2014

We have come to the end – of an era, maybe not, but of a rotation around the sun, of the usage of 2-0-1-4 in dates, of – well, really, nothing. Still, it’s as good a time as any to round up what I’ve done and figure out where I’m going. No doubt you’ve been overladen already with these kind of posts, but really, I can’t think of a better time just to say thank you. When I began this blog, I expected nothing. And I mean nothing. As in zilch, zero, nada, in terms of followers, or likes, or really anything. You guys have overwhelmed me. The fact that people want to (or are forced to) actually read my rants about nature is beyond comprehension. This year has been a huge one in terms of my photography and my experiences in nature.

My trip to Africa in July produced many unforgettable experiences which I am far from done with sharing with you guys. In October, I visited Kullu, a district in the Himalayas; aside from 25 species of birds, I came away with a renewed appreciation for the simple beauty of nature. And just recently – two days ago, in fact – I returned from a trip to Coorg and Ranganathittu Bird Sanctuary. I’m still at a loss for words to explain my experience there, but when coherence returns you will see what I saw, as best as I can show it to you. Closer to home, I made numerous trips to MacRitchie (including one trip with Lavanya of My Nature Experiences, who is a person so amazing I have no idea why I didn’t meet her sooner, and also my former partner in crime for the Crazy Tiny Insects challenge), Dairy Farm Nature Reserve, Sungei Buloh, Greenleaf Forest, the Green Corridor, and many, many more fantastic places within Singapore. When this was combined with an afternoon spent with Birds of Singapore, my count of birds I’ve seen within – you guessed it, Singapore – was pushed up to a whopping 92, not including swiftlets. (They are irritating little buggers to identify, ok?)

On the photography front, I would like to say I have gained a greater understanding of a) how and when to use my camera and b) how and when not to use my camera this year. Maybe it paid off. I won a Consolation Prize in the NParks Trees for Life competition, and also received third place in an intra-school photograph competition, for a photograph I featured earlier on one of my Journal Journeys posts. (I haven’t mentioned this earlier on my blog, actually. So yay?) In addition, my photograph of Karambe, the largest black rhinoceros on the Masai Mara, received Spotting of the Day on Project Noah. My photograph of a yawning African Spotted Hyena was selected as Pic of the Day on National Geographic’s Great Nature Project.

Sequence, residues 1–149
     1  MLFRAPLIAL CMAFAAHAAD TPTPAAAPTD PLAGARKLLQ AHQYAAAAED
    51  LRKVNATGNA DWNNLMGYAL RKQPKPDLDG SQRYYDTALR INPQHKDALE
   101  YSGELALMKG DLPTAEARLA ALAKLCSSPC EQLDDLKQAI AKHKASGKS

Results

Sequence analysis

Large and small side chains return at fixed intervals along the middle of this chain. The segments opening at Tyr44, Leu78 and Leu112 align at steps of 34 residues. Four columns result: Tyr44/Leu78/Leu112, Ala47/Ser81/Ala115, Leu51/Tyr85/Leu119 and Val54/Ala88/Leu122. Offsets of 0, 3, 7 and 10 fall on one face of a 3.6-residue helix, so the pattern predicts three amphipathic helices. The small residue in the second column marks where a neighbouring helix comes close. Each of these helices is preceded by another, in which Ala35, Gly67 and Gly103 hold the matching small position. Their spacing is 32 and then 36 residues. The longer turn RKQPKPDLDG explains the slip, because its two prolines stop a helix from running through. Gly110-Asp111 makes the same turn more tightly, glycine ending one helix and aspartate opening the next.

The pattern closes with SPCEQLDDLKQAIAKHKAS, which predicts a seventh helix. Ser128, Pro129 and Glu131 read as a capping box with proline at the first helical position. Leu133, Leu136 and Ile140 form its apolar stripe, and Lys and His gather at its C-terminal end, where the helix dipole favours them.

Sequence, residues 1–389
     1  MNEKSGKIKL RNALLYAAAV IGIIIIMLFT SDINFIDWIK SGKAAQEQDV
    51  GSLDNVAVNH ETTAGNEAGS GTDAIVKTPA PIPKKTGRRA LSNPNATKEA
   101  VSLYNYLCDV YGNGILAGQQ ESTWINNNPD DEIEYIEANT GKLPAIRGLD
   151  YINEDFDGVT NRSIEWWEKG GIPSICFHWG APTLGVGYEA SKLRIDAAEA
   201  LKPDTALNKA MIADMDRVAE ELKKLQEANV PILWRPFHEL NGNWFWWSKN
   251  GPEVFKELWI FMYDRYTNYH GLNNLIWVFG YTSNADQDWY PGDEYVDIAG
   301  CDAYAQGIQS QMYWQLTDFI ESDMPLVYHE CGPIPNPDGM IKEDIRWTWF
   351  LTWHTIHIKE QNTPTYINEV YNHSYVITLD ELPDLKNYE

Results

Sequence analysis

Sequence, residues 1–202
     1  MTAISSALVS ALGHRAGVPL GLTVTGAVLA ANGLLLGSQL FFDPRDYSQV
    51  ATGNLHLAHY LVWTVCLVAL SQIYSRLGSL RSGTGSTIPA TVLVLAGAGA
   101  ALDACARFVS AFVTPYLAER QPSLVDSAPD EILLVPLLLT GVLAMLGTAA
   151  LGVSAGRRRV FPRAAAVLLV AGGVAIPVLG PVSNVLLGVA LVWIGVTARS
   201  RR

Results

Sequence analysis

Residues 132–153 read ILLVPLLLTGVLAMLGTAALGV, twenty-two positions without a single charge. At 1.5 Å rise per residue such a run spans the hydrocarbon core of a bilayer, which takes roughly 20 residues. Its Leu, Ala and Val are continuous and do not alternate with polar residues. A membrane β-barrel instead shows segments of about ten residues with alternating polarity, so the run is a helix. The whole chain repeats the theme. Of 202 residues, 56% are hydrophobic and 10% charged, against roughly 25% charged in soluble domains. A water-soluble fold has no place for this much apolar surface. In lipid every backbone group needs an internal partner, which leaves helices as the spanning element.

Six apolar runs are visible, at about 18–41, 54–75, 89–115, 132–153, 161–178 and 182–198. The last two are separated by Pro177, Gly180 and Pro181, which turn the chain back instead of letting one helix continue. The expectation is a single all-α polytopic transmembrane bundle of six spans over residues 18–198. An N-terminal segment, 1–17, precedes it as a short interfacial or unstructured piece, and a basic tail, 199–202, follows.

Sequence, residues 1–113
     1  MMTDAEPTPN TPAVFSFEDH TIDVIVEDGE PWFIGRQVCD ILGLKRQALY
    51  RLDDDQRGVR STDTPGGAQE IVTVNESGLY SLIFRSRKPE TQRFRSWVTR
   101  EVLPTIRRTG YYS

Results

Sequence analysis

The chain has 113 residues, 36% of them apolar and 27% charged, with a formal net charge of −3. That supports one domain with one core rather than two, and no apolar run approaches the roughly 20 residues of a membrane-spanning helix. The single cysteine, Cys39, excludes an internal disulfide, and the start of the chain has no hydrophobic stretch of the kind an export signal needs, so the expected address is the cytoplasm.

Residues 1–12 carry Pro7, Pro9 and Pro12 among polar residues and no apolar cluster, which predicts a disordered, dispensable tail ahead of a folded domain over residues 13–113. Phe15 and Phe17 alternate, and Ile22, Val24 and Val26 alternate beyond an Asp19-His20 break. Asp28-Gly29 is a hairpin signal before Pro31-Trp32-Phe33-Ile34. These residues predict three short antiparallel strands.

I have no idea why any of you would have wanted to read all of this or indeed why any of you came here in the first place. I certainly have no idea why I came here or, indeed, where I’m going. So my New Year’s Resolution, I guess, is to keep it fresh. Never forget the feeling of whispering forests in the afternoon, or the call of birds at some unearthly hour in the morning, or the thrill of excitement in identification and realization. Nature is – well, nature is what it is, and that is something uncorrupted by humans, something more beautiful than hoping or wishing or any of these twenty-six letters, really. And nature, I believe, is essential – for us, in the moment of knowing, and for itself, in the moment of being.

Beneath are all of the photographs I’ve uploaded to this blog this year. See at will. This is my 100th post, fitting for my final words of 2014, which (really) don’t matter. Still, for what it counts – thank you.